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Animated characters brought to life by 3-D printing

August 03, 2012 // R Colin Johnson

Animated characters brought to life by 3-D printing

The virtual world is being brought to life by reverse engineering the rendering operation that draws on-screen characters in video games and other software animations. Harvard University researchers will describe a patented new algorithm that uses three-dimensional printers to create personalized action figures from animations at next week's Siggraph 2012 show in Los Angeles.

Software animations create both realistic and fanciful characters, but their makeup and capabilities need not match those that are possible in the real world. Harvard's software, however, translates the primary characteristics of the on-screen characters into articulated components that together realize a figurine that can be created by a 3-D printer.

By observing the on-screen appearance and actions performed by the character, the Harvard algorithm determines the ideal locations for the character's joints—either ball-in-socket or hinged—then optimizes their size and location using the physics of the real 3-D world. Once the reverse rendering operation is complete, a detailed file is sent to a 3-D printer, which creates a completely assembled version of the action figure.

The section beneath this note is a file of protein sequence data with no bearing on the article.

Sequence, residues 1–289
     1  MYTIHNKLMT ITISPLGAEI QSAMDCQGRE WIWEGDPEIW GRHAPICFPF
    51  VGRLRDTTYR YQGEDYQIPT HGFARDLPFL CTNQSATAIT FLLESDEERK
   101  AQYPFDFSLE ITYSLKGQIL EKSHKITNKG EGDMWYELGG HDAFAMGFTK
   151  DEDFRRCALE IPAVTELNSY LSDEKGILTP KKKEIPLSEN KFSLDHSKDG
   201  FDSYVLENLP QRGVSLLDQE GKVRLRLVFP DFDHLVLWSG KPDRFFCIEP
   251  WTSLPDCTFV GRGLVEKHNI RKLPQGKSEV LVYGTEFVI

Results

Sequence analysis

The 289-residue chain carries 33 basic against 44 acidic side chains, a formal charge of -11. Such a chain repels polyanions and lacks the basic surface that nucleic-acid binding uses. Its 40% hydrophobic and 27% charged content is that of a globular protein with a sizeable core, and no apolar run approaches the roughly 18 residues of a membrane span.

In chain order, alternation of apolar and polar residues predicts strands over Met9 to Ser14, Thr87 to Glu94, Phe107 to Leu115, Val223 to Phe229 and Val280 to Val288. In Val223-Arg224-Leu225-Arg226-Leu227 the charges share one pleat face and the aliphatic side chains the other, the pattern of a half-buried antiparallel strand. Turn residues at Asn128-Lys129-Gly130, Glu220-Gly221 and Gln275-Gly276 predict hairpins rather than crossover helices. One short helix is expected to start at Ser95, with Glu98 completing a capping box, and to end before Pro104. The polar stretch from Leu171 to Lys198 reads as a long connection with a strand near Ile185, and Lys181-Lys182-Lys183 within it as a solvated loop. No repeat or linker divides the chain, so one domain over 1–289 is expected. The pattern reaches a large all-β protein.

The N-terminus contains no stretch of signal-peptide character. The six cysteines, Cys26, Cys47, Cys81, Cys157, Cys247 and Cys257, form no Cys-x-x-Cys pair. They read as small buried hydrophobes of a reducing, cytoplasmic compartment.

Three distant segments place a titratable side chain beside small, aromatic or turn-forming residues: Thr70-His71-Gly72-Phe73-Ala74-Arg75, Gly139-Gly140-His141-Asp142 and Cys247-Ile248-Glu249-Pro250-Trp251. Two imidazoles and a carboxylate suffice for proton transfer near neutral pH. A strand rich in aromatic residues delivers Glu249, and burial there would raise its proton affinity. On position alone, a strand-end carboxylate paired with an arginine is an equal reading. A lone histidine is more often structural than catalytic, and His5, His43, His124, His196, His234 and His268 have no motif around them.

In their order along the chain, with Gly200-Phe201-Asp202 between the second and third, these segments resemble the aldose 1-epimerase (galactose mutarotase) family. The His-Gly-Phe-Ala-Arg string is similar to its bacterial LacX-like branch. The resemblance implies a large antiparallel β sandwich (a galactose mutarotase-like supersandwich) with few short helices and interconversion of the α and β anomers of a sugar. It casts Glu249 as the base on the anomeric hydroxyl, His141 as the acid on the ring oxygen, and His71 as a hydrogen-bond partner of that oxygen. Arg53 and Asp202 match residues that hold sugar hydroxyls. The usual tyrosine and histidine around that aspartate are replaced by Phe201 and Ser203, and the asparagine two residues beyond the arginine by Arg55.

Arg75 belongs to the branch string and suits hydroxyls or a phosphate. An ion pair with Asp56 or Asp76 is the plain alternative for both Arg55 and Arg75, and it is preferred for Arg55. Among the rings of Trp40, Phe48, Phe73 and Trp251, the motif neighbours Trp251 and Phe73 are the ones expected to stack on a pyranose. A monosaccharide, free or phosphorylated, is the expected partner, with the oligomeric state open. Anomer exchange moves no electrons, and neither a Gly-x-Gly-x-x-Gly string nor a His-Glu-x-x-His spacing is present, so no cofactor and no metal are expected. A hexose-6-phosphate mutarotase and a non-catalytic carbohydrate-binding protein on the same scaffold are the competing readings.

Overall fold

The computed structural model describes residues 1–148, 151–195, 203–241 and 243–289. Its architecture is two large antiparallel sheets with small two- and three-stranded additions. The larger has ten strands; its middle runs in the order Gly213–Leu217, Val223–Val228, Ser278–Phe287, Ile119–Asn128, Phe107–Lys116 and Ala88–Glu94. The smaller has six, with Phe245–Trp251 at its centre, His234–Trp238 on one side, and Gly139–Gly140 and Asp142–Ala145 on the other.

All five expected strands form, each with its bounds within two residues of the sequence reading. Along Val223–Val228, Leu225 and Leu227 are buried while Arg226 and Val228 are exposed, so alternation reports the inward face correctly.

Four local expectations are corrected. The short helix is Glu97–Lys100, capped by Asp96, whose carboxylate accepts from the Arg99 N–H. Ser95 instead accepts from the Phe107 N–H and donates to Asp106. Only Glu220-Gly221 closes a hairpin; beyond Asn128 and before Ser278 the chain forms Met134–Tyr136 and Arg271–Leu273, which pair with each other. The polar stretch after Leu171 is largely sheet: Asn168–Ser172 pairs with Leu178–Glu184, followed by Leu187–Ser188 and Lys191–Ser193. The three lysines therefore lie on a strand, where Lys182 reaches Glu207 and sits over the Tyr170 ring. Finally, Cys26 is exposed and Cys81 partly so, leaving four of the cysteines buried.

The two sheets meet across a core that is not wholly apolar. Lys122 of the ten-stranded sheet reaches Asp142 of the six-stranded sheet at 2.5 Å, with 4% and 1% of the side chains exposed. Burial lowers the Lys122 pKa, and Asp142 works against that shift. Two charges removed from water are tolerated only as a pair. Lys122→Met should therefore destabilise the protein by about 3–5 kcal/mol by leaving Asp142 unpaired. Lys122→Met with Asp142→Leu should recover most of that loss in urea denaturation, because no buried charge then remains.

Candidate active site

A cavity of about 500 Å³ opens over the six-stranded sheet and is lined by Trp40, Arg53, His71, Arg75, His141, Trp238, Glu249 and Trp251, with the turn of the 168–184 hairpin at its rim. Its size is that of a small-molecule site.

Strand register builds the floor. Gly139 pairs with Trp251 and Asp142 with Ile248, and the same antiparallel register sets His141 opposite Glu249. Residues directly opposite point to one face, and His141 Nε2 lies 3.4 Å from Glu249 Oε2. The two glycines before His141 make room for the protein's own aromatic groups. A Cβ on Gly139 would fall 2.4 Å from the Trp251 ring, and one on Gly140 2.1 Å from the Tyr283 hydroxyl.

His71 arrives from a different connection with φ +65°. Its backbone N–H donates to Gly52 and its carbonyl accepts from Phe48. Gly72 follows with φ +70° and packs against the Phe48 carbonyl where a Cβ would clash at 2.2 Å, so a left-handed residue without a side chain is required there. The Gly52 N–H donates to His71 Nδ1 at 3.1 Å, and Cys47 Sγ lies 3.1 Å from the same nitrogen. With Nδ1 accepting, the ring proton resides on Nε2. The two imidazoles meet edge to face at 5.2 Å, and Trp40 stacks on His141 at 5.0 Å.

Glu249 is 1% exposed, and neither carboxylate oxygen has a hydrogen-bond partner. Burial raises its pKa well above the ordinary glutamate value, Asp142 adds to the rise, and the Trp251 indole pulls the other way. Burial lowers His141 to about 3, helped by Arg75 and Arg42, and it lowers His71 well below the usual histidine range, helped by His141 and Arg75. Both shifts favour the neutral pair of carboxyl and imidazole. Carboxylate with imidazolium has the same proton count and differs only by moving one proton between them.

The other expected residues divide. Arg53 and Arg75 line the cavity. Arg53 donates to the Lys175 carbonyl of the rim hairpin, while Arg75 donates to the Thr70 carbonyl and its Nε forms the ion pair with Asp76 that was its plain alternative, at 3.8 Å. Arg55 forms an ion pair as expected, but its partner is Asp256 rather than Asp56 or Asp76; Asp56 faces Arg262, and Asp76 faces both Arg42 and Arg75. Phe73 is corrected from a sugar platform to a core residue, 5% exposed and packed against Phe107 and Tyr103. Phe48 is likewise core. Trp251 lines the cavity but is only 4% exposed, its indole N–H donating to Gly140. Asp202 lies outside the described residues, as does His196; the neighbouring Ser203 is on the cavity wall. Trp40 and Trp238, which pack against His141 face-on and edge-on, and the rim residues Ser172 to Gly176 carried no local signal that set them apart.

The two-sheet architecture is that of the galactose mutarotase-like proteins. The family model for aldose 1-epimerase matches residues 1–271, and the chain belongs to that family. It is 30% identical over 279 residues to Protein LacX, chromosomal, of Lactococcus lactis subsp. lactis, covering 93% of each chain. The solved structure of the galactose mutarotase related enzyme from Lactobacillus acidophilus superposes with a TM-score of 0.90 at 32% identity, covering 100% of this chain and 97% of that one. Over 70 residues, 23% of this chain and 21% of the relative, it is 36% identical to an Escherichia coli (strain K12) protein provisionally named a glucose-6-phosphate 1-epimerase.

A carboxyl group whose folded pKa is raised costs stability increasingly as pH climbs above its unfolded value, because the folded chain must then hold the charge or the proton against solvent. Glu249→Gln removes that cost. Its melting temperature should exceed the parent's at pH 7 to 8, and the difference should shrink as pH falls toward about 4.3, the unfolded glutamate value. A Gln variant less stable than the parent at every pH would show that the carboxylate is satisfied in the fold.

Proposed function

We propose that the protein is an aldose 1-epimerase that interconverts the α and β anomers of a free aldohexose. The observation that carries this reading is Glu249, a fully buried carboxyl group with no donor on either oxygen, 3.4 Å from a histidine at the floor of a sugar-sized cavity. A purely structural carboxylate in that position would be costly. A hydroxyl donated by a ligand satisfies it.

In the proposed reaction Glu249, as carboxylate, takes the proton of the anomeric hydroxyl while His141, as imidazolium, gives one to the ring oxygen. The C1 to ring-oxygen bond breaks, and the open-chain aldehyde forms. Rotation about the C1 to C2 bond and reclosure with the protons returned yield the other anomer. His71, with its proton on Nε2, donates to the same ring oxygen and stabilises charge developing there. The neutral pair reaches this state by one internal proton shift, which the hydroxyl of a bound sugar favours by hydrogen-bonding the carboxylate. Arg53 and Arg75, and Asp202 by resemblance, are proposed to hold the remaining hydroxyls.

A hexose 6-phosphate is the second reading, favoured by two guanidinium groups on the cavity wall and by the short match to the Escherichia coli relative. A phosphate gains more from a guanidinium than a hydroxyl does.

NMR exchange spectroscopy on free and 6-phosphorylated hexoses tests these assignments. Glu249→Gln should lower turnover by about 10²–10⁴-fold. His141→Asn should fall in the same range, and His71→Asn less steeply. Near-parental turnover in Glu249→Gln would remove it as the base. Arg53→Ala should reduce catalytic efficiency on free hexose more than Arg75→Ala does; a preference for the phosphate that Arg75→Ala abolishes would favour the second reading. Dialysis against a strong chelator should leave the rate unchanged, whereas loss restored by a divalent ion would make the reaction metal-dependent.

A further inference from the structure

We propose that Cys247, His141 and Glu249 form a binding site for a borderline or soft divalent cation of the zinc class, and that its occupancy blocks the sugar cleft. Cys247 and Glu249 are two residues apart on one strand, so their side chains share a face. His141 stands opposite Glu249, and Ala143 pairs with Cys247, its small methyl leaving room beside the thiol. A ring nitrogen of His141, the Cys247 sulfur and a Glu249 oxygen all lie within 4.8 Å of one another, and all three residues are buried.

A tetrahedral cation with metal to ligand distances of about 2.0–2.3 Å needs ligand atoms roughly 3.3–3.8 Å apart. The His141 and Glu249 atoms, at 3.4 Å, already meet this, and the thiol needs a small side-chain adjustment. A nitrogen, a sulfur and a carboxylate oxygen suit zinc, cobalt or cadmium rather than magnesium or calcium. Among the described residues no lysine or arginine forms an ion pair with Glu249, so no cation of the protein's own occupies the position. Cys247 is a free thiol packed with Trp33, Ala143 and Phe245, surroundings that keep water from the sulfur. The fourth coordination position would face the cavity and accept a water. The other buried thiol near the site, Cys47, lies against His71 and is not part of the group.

The 3-D animation character (left) was imaged with a 3-D printer (right) with Harvard software.
Photo Credit: Moritz Bächer/Harvard.

The Harvard researchers expect their invention to be useful not only for personalized action figures for consumers, but also for professional animators who today create mannequins by hand. With the reverse rendering algorithm, animators will be able to quickly create action figures which they can use to experiment with different stances and motions in real world recreations of virtual worlds.

Harvard’s Office of Technology Development has filed a patent which it aims to license to a cloud-based service that will used 3-D printers to create customized, user-generated figurines from existing animation software.

Funding for the product was supplied by the National Science Foundation, Pixar and the John Simon Guggenheim Memorial Foundation.

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